What has been relatively neglected until recently is that the headquarters for the monoamine cell bodies also send axonal projections down the spinal cord where they act as key homeostatic regulators by determining whether one should be vigilant either to external threats or to sensations coming from the internal milieu of the

body.5 Normally, the sensations associated with routine functioning of the body, such as autonomic input from the stomach during digestion as well as somatic input from the musculoskeletal system, are suppressed from consciousness so that attention can be paid to more important events outside of the body. These regulators may be at work, for example, when a person is shot and yet feels no pain until the attackers have been outrun or when a person who is jogging begins to have a stomachache that disappears as soon as the jogger must run from a feral dog. Descending serotonergic and noradrenergic pathways normally help to suppress such routine body input even when it causes minor discomfort. It now seems possible, however, that a malfunctioning of these descending serotonergic and noradrenergic pathways could allow routine sensory input to be interpreted as uncomfortable or even painful physical symptoms.5 Thus, many depressed patients complain of headache, abdominal pain, or musculoskeletal pain in the lower back, joints, and neck as well as fatigue and loss of energy. Instead of being suppressed, these sensations escape up the spinal cord and into the brain where they are interpreted as pain. This malfunction may be the reason no pathologic explanations for multiple physical symptoms turn up during medical evaluation of depressed patients.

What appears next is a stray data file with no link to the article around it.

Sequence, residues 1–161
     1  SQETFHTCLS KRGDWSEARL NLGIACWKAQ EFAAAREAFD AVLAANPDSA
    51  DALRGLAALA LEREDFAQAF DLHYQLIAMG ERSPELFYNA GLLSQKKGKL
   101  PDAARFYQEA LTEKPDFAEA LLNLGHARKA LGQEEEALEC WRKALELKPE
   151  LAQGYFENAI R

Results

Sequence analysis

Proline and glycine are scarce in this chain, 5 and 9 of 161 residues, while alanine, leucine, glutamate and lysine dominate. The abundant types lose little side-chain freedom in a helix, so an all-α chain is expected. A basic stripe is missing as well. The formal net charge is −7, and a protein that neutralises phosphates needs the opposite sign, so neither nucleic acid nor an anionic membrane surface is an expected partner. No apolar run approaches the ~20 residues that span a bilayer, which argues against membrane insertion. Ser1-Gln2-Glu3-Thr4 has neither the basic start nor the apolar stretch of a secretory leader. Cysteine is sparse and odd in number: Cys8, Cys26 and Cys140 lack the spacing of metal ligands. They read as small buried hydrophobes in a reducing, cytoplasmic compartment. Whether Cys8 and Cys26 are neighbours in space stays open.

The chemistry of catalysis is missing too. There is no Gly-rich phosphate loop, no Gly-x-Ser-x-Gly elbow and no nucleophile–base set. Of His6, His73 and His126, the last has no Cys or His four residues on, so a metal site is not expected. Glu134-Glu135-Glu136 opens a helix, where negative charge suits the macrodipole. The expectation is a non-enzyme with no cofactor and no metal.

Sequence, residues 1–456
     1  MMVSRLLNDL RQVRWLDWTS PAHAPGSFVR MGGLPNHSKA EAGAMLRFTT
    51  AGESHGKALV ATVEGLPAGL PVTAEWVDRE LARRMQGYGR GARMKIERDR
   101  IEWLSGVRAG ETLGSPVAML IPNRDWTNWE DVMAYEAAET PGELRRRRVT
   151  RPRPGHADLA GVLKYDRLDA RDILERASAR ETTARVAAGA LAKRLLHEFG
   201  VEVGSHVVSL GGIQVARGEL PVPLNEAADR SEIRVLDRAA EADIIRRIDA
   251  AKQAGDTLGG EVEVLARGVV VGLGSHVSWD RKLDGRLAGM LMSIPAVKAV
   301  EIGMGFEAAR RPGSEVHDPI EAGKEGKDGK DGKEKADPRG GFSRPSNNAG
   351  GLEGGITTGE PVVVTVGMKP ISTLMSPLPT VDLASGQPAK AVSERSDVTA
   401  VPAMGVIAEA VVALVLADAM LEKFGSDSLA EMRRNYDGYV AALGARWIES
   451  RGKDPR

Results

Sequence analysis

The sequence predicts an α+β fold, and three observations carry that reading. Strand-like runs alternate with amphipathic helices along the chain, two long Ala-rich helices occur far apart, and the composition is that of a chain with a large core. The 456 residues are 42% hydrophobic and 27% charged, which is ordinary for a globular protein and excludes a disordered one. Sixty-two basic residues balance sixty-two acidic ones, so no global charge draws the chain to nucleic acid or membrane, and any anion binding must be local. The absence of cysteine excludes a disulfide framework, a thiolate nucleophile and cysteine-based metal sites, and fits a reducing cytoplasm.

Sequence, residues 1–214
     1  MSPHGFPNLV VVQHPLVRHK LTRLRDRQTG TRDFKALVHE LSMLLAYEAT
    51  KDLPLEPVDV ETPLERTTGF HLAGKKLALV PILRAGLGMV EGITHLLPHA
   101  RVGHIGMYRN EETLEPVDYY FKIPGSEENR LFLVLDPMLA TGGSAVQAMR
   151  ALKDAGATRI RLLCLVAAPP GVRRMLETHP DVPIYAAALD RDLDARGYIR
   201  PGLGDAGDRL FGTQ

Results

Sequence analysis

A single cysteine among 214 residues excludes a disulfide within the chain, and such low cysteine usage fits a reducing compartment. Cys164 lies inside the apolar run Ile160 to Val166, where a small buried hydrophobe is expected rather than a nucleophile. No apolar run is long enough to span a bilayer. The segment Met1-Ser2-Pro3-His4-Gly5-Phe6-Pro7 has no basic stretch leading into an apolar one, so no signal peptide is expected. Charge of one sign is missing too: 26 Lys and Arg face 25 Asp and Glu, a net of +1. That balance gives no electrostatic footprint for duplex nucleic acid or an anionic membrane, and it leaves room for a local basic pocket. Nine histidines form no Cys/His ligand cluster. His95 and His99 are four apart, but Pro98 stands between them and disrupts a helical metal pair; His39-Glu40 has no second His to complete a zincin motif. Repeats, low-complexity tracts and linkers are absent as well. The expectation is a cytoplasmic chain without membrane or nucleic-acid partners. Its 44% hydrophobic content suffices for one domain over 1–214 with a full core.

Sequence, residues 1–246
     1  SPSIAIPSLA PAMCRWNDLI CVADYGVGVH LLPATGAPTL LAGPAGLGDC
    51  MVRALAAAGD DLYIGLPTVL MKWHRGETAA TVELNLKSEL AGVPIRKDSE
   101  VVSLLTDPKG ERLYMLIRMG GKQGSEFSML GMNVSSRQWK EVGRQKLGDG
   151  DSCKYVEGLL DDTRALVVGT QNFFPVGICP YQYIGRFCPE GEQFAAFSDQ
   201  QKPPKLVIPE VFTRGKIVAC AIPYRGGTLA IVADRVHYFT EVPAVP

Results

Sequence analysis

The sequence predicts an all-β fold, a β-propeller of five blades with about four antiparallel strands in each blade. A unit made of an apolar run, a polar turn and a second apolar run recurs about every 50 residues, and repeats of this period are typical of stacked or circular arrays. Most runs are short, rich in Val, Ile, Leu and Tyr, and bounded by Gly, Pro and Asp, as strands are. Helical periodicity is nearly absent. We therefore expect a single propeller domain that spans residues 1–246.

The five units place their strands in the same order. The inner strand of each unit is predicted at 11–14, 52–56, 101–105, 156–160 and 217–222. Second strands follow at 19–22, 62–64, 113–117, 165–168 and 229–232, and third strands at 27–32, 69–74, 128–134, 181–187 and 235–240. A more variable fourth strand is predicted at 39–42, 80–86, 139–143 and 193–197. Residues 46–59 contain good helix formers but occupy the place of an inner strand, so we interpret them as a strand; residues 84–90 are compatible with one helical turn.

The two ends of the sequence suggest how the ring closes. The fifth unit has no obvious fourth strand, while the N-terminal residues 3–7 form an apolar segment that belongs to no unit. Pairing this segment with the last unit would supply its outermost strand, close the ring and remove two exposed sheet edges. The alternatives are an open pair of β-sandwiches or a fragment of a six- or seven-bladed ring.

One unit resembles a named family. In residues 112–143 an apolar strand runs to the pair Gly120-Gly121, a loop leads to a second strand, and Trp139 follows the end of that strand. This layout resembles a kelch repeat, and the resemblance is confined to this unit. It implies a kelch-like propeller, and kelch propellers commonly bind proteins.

Treating Depression in Your Body as Well as Pain in Your Brain

Response in depression has long been defined as at least a 50% reduction in emotional and vegetative symptoms, which can be attributed to drugs that boost serotonin, norepinephrine, or both. A 100% reduction in symptoms of depression would be possible if we raised the bar for treatment and also eliminated the painful symptoms. Now that we better understand the psychopharmacology of depression, we have the ability to go for the gold and eliminate all symptoms, including painful ones, not just reduce some of them. Any antidepressant can result in remission of all symptoms in some patients, but chances of remission are significantly enhanced if a dual-action antidepressant, acting to inhibit the reuptake of both serotonin and norepinephrine, is given.6 Agents with these pharmacologic properties are listed in Table 1, including some new agents in clinical trials7 or available in Europe and Japan.